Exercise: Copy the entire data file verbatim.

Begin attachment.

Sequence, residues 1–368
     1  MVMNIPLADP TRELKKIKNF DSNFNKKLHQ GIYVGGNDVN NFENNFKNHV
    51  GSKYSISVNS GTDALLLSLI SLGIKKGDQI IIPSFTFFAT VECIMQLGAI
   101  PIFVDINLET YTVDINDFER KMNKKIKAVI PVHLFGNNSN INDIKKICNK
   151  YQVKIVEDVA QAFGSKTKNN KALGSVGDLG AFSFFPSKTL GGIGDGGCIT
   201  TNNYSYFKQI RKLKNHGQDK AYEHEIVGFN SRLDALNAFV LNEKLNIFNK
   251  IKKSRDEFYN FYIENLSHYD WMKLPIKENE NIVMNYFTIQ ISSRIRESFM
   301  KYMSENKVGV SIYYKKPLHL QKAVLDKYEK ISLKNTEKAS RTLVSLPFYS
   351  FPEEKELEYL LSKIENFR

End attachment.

Sequence, residues 1–368
     1  MVMNIPLADP TRELKKIKNF DSNFNKKLHQ GIYVGGNDVN NFENNFKNHV
    51  GSKYSISVNS GTDALLLSLI SLGIKKGDQI IIPSFTFFAT VECIMQLGAI
   101  PIFVDINLET YTVDINDFER KMNKKIKAVI PVHLFGNNSN INDIKKICNK
   151  YQVKIVEDVA QAFGSKTKNN KALGSVGDLG AFSFFPSKTL GGIGDGGCIT
   201  TNNYSYFKQI RKLKNHGQDK AYEHEIVGFN SRLDALNAFV LNEKLNIFNK
   251  IKKSRDEFYN FYIENLSHYD WMKLPIKENE NIVMNYFTIQ ISSRIRESFM
   301  KYMSENKVGV SIYYKKPLHL QKAVLDKYEK ISLKNTEKAS RTLVSLPFYS
   351  FPEEKELEYL LSKIENFR